Thursday, April 28, 2011

Infection Prevention + Optimal Antibiotic Use = Zero Infections

Julia Moody, MS SM (ASCP), Clinical Director, Infection Prevention, Clinical Services Group, HCA, Inc, APIC Antimicrobial Stewardship Task Force

Antibiotics are the second most common medication prescribed in the US. Although the discovery of antibiotics advanced the treatment of infections, excessive use frequently occurs. Bacteria easily adapt to become resistant, often at an alarming rate, posing a threat to public health safety, because new, more powerful antibiotic development is limited. This threat to public health safety was recognized on World Health Day, April 7, 2011, and endorsed by Centers for Disease Control and Prevention (CDC) and healthcare professional organizations in the U.S. To address the threat, antimicrobial stewardship programs are instituted to optimize antibiotic use and improve patient outcomes, while decreasing the development of resistance.

Antibiotic exposure is the single most important risk factor in C. difficile infection, a cause of severe diarrhea, serious intestinal complications and death. In some parts of the U.S., C. difficile is more common than MRSA. New cases of C. difficile infection occurring during a hospital stay are an indicator of adverse drug events as there is growing evidence that the risk for infection drops with antimicrobial stewardship.

What is the science of infection prevention and the value for hospitalized patients? Hospitals are where the most vulnerable patients in intensive care units, those with chronic health conditions and whose immune systems are unable to fight infection, rely totally on antibiotics to treat life-threatening infections. Resistant bacteria can leave these patients without an effective antibiotic for their infections.

How does the role of infection preventionists decrease the risk of infections and slow the pace of antibiotic resistance in healthcare settings? Infection prevention uses scientifically proven concepts to (1) identify trends and occurrences of drug resistant bacteria [MDROs], like MRSA, and new, emerging resistance in gram negative bacteria; (2) apply practices to prevent transmission of these MDROs to other patients, using bundles of hand hygiene before and after patient contact, isolation precautions placing patients in private rooms, where caregivers wear gowns and gloves, and environmental cleaning to ensure that surfaces and equipment are completely cleaned to reduce the presence of bacteria in the environment; (3) implement care bundles – like checklists – that when consistently performed, reduce the risk of getting an infection from use of catheters or after undergoing a surgical procedure; and (4) share findings of MDRO-related infections with the antimicrobial stewardship team members to identify successes and improvement opportunities.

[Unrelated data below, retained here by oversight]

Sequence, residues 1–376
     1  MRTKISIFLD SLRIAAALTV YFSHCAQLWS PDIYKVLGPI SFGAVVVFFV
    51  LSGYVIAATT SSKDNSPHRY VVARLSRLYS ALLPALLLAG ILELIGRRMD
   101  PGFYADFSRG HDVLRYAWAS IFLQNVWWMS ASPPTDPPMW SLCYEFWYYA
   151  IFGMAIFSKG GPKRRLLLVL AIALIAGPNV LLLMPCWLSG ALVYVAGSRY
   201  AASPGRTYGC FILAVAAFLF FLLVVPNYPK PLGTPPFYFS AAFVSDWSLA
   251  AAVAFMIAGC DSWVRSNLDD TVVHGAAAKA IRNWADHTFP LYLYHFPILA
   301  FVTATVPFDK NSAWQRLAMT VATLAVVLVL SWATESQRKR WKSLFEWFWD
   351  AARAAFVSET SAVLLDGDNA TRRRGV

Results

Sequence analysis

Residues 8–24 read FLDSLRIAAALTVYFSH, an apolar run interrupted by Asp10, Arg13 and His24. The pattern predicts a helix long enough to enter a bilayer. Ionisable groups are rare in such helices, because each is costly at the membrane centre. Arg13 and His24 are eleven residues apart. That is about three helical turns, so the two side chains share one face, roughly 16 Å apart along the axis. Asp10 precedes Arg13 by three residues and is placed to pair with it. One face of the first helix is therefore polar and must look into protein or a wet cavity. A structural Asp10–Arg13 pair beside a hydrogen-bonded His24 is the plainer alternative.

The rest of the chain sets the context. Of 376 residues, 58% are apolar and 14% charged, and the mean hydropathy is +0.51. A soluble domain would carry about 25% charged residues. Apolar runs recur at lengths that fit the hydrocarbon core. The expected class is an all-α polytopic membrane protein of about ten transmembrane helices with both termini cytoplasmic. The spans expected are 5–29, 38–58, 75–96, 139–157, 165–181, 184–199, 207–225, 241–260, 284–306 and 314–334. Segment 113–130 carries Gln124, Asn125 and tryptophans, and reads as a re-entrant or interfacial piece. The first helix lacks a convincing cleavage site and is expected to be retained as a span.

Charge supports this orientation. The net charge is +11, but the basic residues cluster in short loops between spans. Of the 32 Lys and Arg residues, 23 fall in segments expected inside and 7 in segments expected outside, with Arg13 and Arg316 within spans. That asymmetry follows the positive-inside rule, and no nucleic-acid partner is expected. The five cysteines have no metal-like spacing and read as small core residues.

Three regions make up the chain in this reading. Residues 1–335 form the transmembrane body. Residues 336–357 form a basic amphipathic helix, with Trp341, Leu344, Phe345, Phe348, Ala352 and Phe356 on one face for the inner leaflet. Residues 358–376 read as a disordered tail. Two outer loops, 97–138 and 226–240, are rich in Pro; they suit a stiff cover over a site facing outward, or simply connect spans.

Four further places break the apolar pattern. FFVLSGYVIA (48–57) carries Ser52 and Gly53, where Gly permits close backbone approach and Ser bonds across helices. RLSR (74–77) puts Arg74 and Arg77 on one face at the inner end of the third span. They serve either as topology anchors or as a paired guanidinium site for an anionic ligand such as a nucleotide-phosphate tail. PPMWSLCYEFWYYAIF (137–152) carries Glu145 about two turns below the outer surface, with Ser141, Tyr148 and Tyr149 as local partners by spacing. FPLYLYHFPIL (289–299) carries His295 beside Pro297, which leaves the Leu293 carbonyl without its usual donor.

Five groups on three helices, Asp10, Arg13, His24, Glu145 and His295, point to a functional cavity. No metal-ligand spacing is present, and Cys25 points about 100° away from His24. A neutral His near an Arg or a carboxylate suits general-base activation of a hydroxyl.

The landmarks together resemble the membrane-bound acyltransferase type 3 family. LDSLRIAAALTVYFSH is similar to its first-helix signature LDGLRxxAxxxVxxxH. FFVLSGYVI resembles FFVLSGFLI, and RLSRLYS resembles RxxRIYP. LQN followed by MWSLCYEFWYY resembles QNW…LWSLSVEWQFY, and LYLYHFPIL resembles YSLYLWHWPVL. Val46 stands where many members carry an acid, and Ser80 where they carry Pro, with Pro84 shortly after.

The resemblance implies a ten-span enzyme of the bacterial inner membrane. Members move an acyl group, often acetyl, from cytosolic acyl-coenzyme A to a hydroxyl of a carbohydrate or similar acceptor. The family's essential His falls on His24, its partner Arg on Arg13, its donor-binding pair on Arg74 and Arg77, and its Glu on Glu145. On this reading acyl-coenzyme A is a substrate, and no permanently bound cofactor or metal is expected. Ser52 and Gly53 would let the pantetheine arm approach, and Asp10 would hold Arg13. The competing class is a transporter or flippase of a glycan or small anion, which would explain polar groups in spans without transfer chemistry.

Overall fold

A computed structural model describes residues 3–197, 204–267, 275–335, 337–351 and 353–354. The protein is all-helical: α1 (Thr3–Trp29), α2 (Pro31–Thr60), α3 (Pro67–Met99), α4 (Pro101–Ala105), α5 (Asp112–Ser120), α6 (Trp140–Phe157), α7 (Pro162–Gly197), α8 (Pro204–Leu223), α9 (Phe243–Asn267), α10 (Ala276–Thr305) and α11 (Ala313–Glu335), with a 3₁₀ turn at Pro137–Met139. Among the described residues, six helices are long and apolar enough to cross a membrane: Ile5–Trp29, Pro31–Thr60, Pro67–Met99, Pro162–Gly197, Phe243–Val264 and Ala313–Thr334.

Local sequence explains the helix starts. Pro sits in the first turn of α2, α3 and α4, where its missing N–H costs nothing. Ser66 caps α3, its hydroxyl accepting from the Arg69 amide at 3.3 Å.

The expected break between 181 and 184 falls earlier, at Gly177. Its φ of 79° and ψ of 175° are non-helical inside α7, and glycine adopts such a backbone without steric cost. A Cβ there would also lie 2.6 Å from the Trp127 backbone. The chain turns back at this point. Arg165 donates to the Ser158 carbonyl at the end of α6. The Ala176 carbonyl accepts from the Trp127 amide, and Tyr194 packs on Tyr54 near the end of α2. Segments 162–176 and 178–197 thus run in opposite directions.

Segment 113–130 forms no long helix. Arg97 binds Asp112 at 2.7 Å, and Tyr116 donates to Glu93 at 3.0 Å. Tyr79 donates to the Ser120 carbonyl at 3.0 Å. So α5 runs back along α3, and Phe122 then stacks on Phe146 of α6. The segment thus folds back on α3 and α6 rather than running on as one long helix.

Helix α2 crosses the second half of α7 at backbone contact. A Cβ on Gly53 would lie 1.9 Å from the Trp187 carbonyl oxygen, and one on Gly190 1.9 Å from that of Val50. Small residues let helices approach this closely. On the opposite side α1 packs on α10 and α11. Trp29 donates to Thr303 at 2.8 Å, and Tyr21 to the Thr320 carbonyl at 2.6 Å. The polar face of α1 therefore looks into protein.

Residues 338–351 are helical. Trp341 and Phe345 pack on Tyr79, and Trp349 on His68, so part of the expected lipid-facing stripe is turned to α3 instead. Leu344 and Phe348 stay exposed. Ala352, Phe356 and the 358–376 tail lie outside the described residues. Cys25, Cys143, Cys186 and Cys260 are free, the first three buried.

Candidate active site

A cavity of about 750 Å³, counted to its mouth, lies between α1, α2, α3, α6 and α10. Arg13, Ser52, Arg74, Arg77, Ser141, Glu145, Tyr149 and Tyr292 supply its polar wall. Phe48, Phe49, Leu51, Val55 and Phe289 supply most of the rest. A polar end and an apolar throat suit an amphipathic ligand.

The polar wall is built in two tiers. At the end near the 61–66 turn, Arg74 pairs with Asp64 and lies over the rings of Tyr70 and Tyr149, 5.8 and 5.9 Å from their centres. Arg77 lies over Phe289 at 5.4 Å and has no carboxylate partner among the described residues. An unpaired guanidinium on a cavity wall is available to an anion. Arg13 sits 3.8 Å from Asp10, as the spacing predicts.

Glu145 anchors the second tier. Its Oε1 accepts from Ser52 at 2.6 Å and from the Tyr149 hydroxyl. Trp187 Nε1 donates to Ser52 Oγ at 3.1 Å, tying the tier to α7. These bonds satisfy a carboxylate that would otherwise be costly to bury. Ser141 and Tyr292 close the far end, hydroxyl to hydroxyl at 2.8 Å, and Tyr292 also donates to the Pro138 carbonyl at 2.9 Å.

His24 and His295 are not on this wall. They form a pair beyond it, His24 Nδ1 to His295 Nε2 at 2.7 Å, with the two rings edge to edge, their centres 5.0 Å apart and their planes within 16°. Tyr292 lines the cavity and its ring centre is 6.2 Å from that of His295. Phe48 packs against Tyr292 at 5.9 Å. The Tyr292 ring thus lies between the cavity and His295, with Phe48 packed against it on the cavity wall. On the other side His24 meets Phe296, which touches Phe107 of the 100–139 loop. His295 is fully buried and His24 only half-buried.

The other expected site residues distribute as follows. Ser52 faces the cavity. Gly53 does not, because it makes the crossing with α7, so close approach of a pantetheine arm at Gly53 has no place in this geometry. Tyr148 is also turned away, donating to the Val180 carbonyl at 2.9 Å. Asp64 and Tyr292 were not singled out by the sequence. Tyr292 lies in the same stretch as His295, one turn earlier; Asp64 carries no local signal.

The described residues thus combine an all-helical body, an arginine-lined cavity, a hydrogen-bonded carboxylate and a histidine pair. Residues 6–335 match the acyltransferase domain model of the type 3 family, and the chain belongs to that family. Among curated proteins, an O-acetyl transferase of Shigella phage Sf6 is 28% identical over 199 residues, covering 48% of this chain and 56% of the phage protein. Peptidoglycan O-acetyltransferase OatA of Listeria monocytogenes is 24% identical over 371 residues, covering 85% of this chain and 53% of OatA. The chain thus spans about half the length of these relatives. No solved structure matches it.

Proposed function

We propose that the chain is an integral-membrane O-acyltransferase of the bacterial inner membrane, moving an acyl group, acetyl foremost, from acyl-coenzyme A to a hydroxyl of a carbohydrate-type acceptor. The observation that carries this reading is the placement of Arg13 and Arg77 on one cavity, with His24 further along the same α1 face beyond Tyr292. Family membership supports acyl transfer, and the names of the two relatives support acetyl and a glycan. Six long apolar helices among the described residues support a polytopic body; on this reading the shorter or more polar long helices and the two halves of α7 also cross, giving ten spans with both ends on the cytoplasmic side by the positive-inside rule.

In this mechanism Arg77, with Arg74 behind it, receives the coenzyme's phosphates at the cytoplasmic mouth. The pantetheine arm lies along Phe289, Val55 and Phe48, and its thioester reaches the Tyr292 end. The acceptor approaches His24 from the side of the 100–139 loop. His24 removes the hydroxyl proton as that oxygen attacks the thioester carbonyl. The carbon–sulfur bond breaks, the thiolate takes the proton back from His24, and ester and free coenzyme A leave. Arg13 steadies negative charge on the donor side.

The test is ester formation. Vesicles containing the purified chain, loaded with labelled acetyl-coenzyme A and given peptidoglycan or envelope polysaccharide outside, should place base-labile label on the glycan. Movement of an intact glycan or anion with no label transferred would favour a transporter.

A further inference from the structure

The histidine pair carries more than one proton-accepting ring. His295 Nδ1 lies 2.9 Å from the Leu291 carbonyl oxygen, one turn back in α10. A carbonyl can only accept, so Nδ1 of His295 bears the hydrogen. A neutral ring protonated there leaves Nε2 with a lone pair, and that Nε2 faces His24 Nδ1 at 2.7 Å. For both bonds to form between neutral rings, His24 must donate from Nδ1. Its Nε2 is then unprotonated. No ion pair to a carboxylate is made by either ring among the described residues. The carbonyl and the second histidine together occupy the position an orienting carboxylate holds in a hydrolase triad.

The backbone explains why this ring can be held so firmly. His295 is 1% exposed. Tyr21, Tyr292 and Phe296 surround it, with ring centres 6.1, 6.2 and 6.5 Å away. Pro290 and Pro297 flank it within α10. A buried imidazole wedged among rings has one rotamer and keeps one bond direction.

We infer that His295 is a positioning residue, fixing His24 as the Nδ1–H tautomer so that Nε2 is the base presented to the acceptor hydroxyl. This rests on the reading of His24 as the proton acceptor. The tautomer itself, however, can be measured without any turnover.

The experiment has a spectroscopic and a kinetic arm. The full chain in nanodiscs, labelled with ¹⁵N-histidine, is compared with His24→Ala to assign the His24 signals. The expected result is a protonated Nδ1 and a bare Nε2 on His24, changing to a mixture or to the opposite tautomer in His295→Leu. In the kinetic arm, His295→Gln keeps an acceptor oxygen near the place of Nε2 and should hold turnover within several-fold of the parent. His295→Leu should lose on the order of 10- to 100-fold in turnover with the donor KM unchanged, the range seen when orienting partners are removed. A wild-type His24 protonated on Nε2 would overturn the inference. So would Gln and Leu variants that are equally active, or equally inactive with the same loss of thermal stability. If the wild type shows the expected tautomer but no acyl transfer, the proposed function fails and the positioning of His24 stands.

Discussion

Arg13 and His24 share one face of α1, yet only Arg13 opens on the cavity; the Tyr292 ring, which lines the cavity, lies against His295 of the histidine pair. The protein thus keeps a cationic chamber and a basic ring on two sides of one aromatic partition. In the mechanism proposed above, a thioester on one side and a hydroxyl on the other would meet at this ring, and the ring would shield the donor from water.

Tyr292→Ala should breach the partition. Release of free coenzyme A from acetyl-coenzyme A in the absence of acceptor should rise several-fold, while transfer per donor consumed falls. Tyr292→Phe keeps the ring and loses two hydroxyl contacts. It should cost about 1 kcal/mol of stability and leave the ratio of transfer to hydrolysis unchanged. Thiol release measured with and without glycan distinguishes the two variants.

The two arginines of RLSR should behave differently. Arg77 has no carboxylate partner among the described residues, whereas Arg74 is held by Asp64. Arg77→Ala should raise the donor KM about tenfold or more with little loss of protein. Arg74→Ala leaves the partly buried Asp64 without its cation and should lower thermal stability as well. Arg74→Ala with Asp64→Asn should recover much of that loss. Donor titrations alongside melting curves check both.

What have been the outcomes? In the past 10 years, healthcare epidemiologists and infection preventionists – in collaboration with their direct care co-workers – have documented dramatic reductions in the frequency of infections, especially among patients in ICUs, as reported into the CDC’s National Healthcare Safety Network (NHSN) database.

What can you do today to prevent infections and save antibiotics for their intended use? Practice good hand hygiene with alcohol based hand rubs or soap and water, know what common infections do not respond to antibiotics, like the common cold, viral sore throats and influenza, take the full dose of antibiotics when prescribed for true infections, and keep current on vaccinations.

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